Cantona fan is jailed for attacking lawyer

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The Independent Online
The football fan who provoked Manchester United's Eric Cantona to launch his infamous kung-fu kick was jailed for seven days for contempt of court yesterday after attacking a lawyer when he appeared for sentence.

Crystal Palace supporter, Matthew Simmons, 21, hurled himself, shouting, at 55-year-old prosecuting counsel Jeffrey McCann in front of three magistrates at Croydon Magistrates Court in south London.

The attack came after the magistrates ruled that Simmons was guilty of two charges of using threatening words and behaviour during the Cantona incident at Selhurst Park on 25 January 1995.

Mr McCann got to his feet and started to apply for an order under the Public Order Act excluding Simmons from football grounds when Simmons leapt over a bench at him.

As police rushed towards him, Simmons swung his legs round over the bench, appearing to kick Mr McCann in the chest. As Mr McCann tried to get away, Simmons - his arms and legs flailing - held on to his collar. Mr McCann broke free as police overpowered Simmons and led him away in handcuffs. Simmons shouted: "I am innocent. I swear on the bible. You press. You are scum."

The chairman of the bench, Mary Richards, jailing Simmons for seven days for contempt, said: "Your violent outburst today was an obvious and serious contempt of court. We feel a turn of custody is appropriate."

For his offences at Selhurst Park, the magistrates fined him pounds 500 and ordered him to pay pounds 200 costs for the first, more serious charge of using threatening, obscene or insulting words of behaviour likely to cause immediately unlawful violence by another person.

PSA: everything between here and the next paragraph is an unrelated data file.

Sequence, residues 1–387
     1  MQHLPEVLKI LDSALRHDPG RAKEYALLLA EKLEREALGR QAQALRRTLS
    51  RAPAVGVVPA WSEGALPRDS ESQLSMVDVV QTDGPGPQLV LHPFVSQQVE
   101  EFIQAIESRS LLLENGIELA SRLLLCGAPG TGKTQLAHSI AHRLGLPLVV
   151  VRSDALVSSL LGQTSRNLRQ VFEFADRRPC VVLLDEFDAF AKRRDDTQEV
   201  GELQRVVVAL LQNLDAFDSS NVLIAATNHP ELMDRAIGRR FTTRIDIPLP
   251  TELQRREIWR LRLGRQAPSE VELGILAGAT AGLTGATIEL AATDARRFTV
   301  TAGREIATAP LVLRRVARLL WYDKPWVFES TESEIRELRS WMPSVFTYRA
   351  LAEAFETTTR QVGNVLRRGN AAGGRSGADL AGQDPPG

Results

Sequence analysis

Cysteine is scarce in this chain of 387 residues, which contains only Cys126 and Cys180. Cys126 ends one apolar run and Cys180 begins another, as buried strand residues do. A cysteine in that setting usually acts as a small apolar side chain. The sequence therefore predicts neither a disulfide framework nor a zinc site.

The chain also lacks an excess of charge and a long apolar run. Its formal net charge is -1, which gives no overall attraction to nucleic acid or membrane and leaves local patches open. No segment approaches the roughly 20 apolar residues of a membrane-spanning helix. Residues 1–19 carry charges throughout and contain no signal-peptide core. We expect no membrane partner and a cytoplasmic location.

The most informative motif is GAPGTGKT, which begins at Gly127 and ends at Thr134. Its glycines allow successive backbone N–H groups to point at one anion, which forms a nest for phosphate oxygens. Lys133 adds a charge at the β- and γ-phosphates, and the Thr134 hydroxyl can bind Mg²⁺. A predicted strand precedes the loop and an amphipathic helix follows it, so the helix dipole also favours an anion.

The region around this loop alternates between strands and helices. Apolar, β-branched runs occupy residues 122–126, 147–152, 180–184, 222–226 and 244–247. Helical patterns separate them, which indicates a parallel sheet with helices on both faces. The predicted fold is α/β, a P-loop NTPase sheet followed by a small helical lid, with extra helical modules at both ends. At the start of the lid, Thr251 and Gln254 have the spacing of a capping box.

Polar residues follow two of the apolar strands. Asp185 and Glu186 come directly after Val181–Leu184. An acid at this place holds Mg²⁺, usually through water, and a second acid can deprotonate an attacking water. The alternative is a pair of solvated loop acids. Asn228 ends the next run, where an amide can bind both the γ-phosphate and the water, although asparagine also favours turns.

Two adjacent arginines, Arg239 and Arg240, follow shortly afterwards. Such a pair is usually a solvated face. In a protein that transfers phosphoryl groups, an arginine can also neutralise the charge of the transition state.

They ruled there should be no penalty for the second offence of using threatening, abusive or insulting words or behaviour within the hearing or sight of a person likely to be caused harassment, alarm or distress.

They also made an order excluding him from all football matches for 12 months.

Adam Davis, defending Simmons, said his client was sorry for his attack on Mr McCann. "He would like to apologise to the court and to the members of the public and especially to Mr McCann. This certainly doesn't excuse his behaviour."

He said Simmons had been under immense pressure and had suffered death threats since the Cantona incident. It had been suggested by the press that he was in some way responsible for the death of a Crystal Palace fan in Birmingham in April last year, said Mr Davis. "I have spoken to the police force. They believe he has coped admirably with the pressure that has been heaped on him."

He said that recently Simmons had been hospitalised as a result of a severe panic attack which required treatment.

He said his client had not attempted to strike Mr McCann.

Mr McCann said of yesterday's attack: "I am content to accept his apology. I have no intention of pressing charges. I am not injured in any way."

In mitigation for the two offences of using threatening words and behaviour at Selhurst Park, Mr Davis said: "I am sure you will bear in mind what happened to the other party in this matter. You will also bear in mind that Mr Simmons would not have found himself in the position he is in today but for Mr Cantona's actions."

He said that since the Selhurst Park incident, Simmons had lost his job as a double-glazing fitter and was now training in word processing.

Outside court, Sonia Sims, solicitor for Simmons, said he continued to maintain his innocence on the charges of using threatening words or behaviour. "He will now consider his position as far as an appeal is concerned."

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